My disdain for the tone of Donald Trump’s campaign for the presidency in 2016 knows virtually no bounds. From advocating torture “a hell of a lot worse than waterboarding” to labelling Latino immigrants as “criminals” and “rapists”, his views feel morally reprehensible. Yet the more I watch his political manoeuvring, the more impressed I am with it.
There can be no doubt that Donald Trump is running a fantastically successful campaign – in no small part because he mentions it at every event and debate. As he said himself after achieving victory in South Carolina, “Actually I won everything, I won short people, tall people. I won fat people, skinny people. I won highly educated, OK educated, and practically not educated at all. I won the evangelicals big and I won the military.” While his ascendancy to the top of the polls last summer could be attributed to simple name recognition, it now must be accepted as more than that. He has 743 pledged delegates, 227 more than Ted Cruz, he’s won twenty one of the thirty seven states who have so far voted, and he is the overwhelming favourite to be the nominee. He is running an incredibly astute campaign that has taken advantage of the insatiable desire of the 24-hour media for stories, the American peoples’ disillusionment with Washington and the radicalisation of the Republican Party. Let’s look at these in turn.
Last summer his ascendancy to the top of the polls could be attributed to simple name recognition, it now must be accepted as more than that.
Donald Trump understands and works the media better than any other Republican candidate. According to The New York Times, Trump has received the equivalent of $1.9 billion in television coverage, equivalent to 62% of the candidate-focused TV coverage of the GOP race, despite having spent only $10 million on paid advertising. This has always been Trump’s plan. When exploring the notion of running for President, Trump believed he could revolutionise the race by dominating the media and dictating the discourse. He does this by doing what political strategist Lynton Crosby would call ‘throwing a dead cat on the table’. This means that whenever the media begin talking about Ted Cruz or John Kasich, Trump will say something outrageous, such as his recent
comments about punishing women who undergo illegal abortions. It halts the conversation, suffocates the other candidates of media attention and allows him to promote the issues he wants to talk about. This constant media attention has given him legitimacy as a candidate and allowed him to dictate the issues of the race for the GOP nomination.
In addition to playing the media, Trump is also vastly helped by his outsider status. The American electorate are angry. The American dream appears to have failed them and the politicians in Washington seem only to serve big business, the rich and themselves. The perception is that America is in decline and that career politicians are unable or unwilling to arrest it. Donald Trump, with his desire to “Make America Great Again”, is perceived as the perfect outsider who can make a real change. Tom Hartnick, an unemployed delivery driver from Nevada, summarised this sentiment speaking to The Guardian – “Frankly, I couldn’t tell you what Cruz’s or Rubio’s policies are. I don’t know if they would be good or bad for the country. I don’t know enough to know. But I do know that if Fox News is treating them with kid gloves then they’re not calling their own shots. They’re serving someone else. I believe Trump is the only one who will serve the American people.” As a result, Trump’s lack of experience has been turned from a negative to a sign of the fact that he is there truly to serve the people.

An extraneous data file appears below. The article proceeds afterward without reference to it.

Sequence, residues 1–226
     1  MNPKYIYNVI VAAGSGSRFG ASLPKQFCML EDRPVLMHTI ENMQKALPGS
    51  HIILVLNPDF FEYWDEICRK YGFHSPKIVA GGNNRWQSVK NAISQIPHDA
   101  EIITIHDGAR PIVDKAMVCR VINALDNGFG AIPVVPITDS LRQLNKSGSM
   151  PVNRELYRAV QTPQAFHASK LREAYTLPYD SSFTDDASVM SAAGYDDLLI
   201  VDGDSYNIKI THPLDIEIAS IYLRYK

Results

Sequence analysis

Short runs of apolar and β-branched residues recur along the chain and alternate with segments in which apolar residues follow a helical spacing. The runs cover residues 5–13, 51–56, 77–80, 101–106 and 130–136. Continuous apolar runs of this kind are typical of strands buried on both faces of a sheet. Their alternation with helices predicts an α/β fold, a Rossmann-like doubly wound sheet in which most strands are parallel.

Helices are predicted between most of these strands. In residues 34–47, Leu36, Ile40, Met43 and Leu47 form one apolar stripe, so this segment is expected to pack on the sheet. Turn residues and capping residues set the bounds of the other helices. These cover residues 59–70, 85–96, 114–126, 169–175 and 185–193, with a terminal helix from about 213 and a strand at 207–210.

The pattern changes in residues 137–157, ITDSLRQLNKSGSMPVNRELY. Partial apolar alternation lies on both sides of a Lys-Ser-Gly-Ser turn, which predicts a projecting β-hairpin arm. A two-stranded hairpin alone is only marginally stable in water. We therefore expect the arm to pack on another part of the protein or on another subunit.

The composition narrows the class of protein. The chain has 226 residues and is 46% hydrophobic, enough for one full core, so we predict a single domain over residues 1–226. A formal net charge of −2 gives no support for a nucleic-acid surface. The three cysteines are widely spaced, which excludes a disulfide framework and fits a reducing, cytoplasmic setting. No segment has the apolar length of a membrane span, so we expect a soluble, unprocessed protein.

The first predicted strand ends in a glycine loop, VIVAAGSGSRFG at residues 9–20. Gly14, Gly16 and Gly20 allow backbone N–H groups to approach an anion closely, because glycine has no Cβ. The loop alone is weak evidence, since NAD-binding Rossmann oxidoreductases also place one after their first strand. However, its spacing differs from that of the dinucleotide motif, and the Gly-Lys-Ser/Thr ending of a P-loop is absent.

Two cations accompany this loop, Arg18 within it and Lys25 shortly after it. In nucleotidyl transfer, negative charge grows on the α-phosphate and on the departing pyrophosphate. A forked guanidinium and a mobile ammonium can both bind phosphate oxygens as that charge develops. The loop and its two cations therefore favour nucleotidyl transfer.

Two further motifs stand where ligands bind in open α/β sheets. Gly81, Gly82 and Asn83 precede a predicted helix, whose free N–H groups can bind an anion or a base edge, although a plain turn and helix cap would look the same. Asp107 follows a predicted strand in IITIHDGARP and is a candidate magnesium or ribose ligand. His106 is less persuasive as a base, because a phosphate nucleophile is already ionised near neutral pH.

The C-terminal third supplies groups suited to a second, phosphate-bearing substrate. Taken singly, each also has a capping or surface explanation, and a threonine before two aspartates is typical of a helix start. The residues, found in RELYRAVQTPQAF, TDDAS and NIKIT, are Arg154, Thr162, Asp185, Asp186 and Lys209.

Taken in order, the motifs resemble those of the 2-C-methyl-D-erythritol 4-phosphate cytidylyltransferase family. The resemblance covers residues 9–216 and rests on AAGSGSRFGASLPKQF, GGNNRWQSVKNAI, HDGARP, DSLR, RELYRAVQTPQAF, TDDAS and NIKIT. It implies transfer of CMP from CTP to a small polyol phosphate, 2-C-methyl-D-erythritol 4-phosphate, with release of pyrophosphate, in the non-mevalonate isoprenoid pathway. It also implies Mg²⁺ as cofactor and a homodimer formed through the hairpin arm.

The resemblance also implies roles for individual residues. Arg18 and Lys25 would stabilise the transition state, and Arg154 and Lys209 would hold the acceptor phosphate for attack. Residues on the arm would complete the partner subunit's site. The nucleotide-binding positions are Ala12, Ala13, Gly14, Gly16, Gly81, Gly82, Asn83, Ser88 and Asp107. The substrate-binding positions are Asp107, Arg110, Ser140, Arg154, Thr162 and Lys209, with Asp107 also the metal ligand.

The perception is that America is in decline and career politicians are unable or unwilling to arrest it. Donald Trump is perceived as the perfect outsider who can make a real change.
Trump has also benefited from a Republican party that has veered to the right during the Obama Administration. The rise of the Tea Party and figures like Ted Cruz and Sarah Palin mean that Trump’s political views do not represent those of a radical but rather the consensus of many Republican voters. Indeed beyond immigration, his positions are moderate when considered within the context of the GOP. He is more left wing than Cruz or Rubio on taxes, more left wing than Rubio on military spending and on abortion he had to move significantly right to get in line with many mainstream Republicans. Whilst he makes offensive remarks on what seem like an almost daily basis, he is often expressing views held by many Republicans, publicly or privately.
When all this is considered the Trump candidacy is not so surprising. After all this is an election cycle when media coverage is more crucial than ever, just ask the most thoughtful and best qualified GOP candidate John Kasich (and if you don’t know who John Kasich is then you’ve proved my point). This is an election cycle where mistrust of Washington has hit an all time high. This is an election cycle when the Republican Party has veered right yet again. And as such perhaps it shouldn’t be a surprise that this is an election cycle where a Trump candidacy is a not just possible but increasingly probable.